SAFETY: All 2009 Focus sedans get the full complement of airbags -- dual front, front seat-mounted side, and full-length side curtain -- safety belt usage monitors, three-point harnesses for all seating position, safety belt pre-tensioners and energy-management retractors, and crash severity and driver's seat position sensors. Antilock brakes with electronic stability control are available.

RIDE AND HANDLING: On the road, the new Focus feels solid and stable. Its unibody structure has had minor enhancements over the years, and its fully-independent MacPherson strut front, "Control Blade" multilink rear suspension has been retuned, with spring rates, dampers, stabilizer bars, and bushings all revised. SES and SEL models, with 16-inch wheels and lower-profile tires, get a rear stabilizer bar to reduce understeer. The suspension tuning is soft, for good passenger comfort, but in the European manner well-matched spring and damping rates mean no bounciness or wallowing -- this is not your grandfather's LTD.

PERFORMANCE: The Focus's 2.0-liter "Duratec" 16-valve twincam alloy four-cylinder engine does an admirable job under the hood, even matched with the optional four-speed automatic. The secret is torque, lots of it and available low in the rev range. A minor weight-loss regimen doesn't hurt, either, with around 100 pounds dropped. In regular tune, as in my Michigan-registered test car, it makes 140 horsepower (at 6000 rpm), with torque peaking at 136 lb-ft at 4250. PZEV (CA emissions) states get a little less, 132 hp and 133 lb-ft. Acceleration is good for its class, and there was never any lack of power for merging or passing. Figure around 9 seconds for 0-60. There is no separate manual shift mode, and none is really needed - manual shifting can be done if necessary with the overdrive button and shift lever. But I didn't bother, as the automatic worked well enough for the car's purpose. Prefer manual shifting and more involvement? Save money and get the standard five-speed stick. With EPA ratings of 24 mpg city, 33 highway and a real-world 27 during my week, the Focus compares well with other compact sedans.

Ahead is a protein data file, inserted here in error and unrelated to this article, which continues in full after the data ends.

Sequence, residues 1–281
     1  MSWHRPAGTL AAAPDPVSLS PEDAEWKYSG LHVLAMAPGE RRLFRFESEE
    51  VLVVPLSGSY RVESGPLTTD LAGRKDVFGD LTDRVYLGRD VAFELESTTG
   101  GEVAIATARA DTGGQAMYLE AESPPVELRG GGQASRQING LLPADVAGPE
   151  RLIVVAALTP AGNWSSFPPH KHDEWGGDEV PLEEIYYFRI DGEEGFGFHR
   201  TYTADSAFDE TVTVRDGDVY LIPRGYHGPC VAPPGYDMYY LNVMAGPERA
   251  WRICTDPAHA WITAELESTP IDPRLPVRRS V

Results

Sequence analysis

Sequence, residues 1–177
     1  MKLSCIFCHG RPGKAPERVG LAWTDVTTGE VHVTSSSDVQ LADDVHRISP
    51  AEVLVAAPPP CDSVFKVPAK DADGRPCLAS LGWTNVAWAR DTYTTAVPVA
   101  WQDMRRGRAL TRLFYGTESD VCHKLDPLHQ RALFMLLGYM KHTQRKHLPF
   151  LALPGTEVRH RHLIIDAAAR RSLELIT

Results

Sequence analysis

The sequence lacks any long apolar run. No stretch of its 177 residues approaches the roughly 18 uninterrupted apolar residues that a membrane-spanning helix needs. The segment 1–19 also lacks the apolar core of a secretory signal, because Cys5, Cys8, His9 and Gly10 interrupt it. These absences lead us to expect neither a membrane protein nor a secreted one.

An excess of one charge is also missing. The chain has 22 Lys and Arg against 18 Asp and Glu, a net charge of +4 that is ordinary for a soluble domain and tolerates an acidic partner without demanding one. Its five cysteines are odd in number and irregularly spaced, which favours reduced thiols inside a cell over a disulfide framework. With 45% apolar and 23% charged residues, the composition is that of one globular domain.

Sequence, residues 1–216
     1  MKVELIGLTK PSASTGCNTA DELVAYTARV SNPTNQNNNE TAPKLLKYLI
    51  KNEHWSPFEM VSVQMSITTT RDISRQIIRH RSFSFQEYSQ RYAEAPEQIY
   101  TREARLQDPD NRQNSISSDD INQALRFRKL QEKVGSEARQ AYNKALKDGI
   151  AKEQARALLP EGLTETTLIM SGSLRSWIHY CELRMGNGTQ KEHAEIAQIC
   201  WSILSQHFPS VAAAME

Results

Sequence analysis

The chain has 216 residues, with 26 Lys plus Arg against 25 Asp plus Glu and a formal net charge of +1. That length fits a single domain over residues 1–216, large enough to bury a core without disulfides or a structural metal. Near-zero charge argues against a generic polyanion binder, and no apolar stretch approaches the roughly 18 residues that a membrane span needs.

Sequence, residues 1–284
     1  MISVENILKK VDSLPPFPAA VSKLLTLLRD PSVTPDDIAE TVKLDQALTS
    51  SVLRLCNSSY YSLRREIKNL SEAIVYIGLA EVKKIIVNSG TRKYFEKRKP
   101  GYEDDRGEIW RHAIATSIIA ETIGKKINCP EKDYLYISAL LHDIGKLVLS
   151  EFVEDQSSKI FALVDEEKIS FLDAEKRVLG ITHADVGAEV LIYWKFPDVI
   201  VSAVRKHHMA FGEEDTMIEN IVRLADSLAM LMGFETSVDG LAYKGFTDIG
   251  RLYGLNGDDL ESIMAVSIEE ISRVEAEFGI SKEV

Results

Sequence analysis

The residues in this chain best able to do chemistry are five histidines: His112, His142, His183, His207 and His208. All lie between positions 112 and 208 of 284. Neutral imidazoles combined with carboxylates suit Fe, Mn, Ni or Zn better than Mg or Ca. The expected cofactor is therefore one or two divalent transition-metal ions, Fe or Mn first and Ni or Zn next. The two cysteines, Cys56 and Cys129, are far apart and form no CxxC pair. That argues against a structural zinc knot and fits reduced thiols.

CONCLUSIONS: The Ford Focus SEL sedan is a pleasant and comfortable small car with any useful features and a reasonable price.

2009 Ford Focus Sedan SEL

Base Price			$ 17,970
Price As Tested			$ 21,020
Engine Type			dual overhead cam 16-valve
				 inline 4-cylinder
Engine Size			2.0 liters / 121 cu. in.
Horsepower			140 @ 6000 rpm (132 PZEV)
Torque (lb-ft)			136 @ 4250 rpm (133 PZEV)
Transmission			4-speed automatic (opt)
Wheelbase / Length		102.9 in. / 175.0 in.
Curb Weigh			2642 lbs.
Pounds Per Horsepower		18.9 (20.0)
Fuel Capacity			13 gal.
Fuel Requirement		87 octane unleaded regular gasoline
Tires				P205/50R16 Kumho
Brakes, front/rear		vented disc / drum, antilock available
Suspension, front/rear		independent MacPherson strut /
				  independent multilink
Drivetrain			transverse front engine, front-wheel drive

EPA Fuel Economy - miles per gallon
    city / highway / observed		24 / 33 / 27
0 to 60 mph				est 9.0  sec

Automatic 4-speed transaxle		$ 815
Antilock braking system			$ 745
  with electronic stability control
Moon & Tune value package - includes:
  6-CD audiophile audio system,
  power moonroof w/shade		$ 1,270
Destination and delivery		$   695
Moon & Tune discount		       -($  475)

MORE: Ford Specs, Pics and Prices-Ford Buyers Guide